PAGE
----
Remembering Yehoshua Mondshine, Historian and Hasid

Historians of religion and true believers often find themselves at odds. Thus Yehoshua Mondshine—devout Chabad Hasid and scrupulous historian—was something very rare, winning the respect both of academic scholars and of members of his own community. Mondshine, who passed away last week, was responsible for publishing, editing, and sometimes discovering important manuscripts, as well as producing a staggering number of scholarly articles, bibliographies, and polemical essays. Eli Rubin writes:

In a 1992 article, the [historian David] Assaf described Mondshine’s special ability to uncompromisingly combine his unambiguously hasidic identity with the rigors of academic scholarship. He wrote that Mondshine “labors on the margins of the professional academy, but he knows well how to use the tools of that world. . . . His writing is characterized by comprehensive and impressive knowledge, originality, provocativeness—and a willingness to battle against what he sees as distortion of Chabad’s image by outsiders.”

Indeed, Mondshine wielded the scholar’s pen with surprising force. His textual knowledge, analytical skills, and perception as a hasidic insider were sometimes complemented by biting sarcasm to undo a thesis he disagreed with. As a Hasid operating in the academic sphere, he was unapologetic and unintimidated. Elements within each of the communities he straddled may have accused him of being under the sway of “external” influences, but Mondshine understood that the tools of critical research would help Hasidim better understand their own tradition.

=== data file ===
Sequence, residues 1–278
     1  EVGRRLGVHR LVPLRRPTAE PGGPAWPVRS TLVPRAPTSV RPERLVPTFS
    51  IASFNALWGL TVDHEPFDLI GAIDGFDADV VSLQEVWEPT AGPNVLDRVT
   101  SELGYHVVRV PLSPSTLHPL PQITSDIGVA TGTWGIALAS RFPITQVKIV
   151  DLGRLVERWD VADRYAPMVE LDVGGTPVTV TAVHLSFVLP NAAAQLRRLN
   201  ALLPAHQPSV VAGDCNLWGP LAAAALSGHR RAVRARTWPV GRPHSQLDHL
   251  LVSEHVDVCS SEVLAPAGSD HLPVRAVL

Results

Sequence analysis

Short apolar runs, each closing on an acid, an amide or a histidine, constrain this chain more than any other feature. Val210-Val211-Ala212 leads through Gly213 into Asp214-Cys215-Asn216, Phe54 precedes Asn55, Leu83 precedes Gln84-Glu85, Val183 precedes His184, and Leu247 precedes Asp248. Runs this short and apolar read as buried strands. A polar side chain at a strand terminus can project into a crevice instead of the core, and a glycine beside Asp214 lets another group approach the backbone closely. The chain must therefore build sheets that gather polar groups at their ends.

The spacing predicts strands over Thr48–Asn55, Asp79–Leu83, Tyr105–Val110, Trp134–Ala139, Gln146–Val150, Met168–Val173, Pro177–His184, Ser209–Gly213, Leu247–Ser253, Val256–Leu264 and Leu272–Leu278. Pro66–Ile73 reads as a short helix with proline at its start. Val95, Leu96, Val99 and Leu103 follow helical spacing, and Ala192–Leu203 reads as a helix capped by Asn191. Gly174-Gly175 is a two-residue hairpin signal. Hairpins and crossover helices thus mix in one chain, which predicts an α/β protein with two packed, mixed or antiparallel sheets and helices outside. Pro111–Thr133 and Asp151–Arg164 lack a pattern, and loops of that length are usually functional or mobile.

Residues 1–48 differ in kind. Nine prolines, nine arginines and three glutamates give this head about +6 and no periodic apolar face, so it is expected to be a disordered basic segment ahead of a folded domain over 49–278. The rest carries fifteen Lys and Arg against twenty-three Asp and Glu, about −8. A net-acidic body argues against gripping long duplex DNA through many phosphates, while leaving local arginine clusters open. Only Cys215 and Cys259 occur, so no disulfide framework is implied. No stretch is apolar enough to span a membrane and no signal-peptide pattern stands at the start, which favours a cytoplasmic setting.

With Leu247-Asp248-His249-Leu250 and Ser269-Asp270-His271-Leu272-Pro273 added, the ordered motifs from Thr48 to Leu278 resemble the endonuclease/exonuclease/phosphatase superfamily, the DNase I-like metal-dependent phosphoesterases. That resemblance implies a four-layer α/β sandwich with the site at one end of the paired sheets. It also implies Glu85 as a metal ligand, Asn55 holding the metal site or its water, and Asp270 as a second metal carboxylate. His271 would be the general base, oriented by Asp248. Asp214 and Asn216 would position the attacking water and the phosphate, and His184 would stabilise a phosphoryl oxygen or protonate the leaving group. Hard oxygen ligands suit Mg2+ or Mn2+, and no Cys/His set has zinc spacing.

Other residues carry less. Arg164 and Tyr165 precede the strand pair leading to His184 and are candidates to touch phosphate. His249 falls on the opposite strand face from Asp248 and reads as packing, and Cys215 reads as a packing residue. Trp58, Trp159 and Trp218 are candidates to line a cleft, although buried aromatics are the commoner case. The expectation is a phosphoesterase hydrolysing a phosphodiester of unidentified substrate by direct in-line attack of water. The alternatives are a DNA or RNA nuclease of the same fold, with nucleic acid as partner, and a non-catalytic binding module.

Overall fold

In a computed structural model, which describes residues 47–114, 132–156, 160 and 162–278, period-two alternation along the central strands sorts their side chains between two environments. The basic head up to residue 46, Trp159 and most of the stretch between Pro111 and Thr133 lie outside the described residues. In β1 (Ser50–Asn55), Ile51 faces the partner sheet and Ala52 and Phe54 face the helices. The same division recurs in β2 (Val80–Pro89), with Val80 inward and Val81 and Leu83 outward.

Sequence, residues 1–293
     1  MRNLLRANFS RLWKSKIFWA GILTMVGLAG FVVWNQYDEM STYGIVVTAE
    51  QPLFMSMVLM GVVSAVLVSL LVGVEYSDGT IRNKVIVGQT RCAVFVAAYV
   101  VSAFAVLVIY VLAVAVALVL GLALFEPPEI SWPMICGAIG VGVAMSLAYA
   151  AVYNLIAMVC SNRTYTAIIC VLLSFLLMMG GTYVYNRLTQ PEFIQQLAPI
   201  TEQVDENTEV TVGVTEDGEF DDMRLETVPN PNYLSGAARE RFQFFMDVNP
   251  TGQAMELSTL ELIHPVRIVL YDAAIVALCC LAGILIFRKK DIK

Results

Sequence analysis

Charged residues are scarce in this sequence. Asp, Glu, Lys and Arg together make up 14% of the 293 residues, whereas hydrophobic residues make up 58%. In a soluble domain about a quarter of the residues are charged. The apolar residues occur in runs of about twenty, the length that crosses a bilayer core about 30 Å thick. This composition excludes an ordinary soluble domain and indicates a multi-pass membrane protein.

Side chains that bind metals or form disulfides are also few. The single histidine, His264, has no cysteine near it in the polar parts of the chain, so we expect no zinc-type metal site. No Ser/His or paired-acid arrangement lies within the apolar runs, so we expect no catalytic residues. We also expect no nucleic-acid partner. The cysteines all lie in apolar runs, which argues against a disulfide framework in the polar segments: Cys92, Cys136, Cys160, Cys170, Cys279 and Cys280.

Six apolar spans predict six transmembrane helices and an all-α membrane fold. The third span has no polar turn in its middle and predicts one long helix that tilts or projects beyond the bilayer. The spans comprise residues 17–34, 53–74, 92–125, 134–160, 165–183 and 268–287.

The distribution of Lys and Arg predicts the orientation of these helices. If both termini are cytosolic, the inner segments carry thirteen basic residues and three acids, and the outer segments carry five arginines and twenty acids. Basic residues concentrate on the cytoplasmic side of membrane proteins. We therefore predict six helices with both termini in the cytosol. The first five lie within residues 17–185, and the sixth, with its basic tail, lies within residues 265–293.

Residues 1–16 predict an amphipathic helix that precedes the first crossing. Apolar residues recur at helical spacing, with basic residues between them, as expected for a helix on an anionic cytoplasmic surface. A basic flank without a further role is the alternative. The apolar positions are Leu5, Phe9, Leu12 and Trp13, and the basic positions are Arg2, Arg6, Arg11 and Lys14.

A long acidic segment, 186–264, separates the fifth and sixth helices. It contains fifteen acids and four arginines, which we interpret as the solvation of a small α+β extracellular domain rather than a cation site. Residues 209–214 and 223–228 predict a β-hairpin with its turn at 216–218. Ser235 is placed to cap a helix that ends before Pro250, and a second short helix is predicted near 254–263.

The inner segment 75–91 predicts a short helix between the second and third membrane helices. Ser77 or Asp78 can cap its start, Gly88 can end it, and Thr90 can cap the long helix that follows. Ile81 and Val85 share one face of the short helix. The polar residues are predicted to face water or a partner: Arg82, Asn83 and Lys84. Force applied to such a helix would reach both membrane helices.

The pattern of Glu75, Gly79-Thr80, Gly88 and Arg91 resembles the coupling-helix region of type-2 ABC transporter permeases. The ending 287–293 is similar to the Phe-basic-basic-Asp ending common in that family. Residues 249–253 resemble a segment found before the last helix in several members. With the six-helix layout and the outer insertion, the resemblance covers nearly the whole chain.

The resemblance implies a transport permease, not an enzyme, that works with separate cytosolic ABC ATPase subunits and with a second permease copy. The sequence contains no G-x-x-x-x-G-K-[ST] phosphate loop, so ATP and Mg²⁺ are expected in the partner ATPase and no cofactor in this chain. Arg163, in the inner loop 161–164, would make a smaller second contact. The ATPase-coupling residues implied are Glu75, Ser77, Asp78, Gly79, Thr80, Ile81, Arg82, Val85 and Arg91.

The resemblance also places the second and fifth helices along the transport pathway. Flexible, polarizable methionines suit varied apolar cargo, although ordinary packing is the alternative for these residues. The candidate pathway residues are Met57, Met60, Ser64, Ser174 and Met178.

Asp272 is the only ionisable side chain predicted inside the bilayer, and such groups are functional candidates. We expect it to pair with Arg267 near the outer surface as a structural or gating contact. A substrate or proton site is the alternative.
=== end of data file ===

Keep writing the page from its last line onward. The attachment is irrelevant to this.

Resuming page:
Read more at Chabad.org

More about: Chabad, Hasidism

 

Iran’s Program of Subversion and Propaganda in the Caucasus

In the past week, Iranian proxies and clients have attacked Israel from the West Bank, Gaza, Lebanon, and Yemen. Iran also has substantial military assets in Iraq and Syria—countries over which it exercises a great deal of control—which could launch significant attacks on Israel as well. Tehran, in addition, has stretched its influence northward into both Azerbaijan and Armenia. While Israel has diplomatic relations with both of these rival nations, its relationship with Baku is closer and involves significant military and security collaboration, some of which is directed against Iran. Alexander Grinberg writes:

Iran exploits ethnic and religious factors in both Armenia and Azerbaijan to further its interests. . . . In Armenia, Iran attempts to tarnish the legitimacy of the elected government and exploit the church’s nationalist position and tensions between it and the Armenian government; in Azerbaijan, the Iranian regime employs outright terrorist methods similar to its support for terrorist proxies in the Middle East [in order to] undermine the regime.

Huseyniyyun (Islamic Resistance Movement of Azerbaijan) is a terrorist militia made up of ethnic Azeris and designed to fight against Azerbaijan. It was established by the Islamic Revolutionary Guard Corps . . . in the image of other pro-Iranian militias. . . . Currently, Huseyniyyun is not actively engaged in terrorist activities as Iran prefers more subtle methods of subversion. The organization serves as a mouthpiece of the Iranian regime on various Telegram channels in the Azeri language. The main impact of Huseyniyyun is that it helps spread Iranian propaganda in Azerbaijan.

The Iranian regime fears the end of hostilities between Armenia and Azerbaijan because this would limit its options for disruption. Iranian outlets are replete with anti-Semitic paranoia against Azerbaijan, accusing the country of awarding its territory to Zionists and NATO. . . . Likewise, it is noteworthy that Armenian nationalists reiterate hideous anti-Semitic tropes that are identical to those spouted by the Iranians and Palestinians. Moreover, leading Iranian analysts have no qualms about openly praising [sympathetic] Armenian clergy together with terrorist Iran-funded Azeri movements for working toward Iranian goals.

Read more at Jerusalem Institute for Strategy and Security

More about: Azerbaijan, Iran, Israeli Security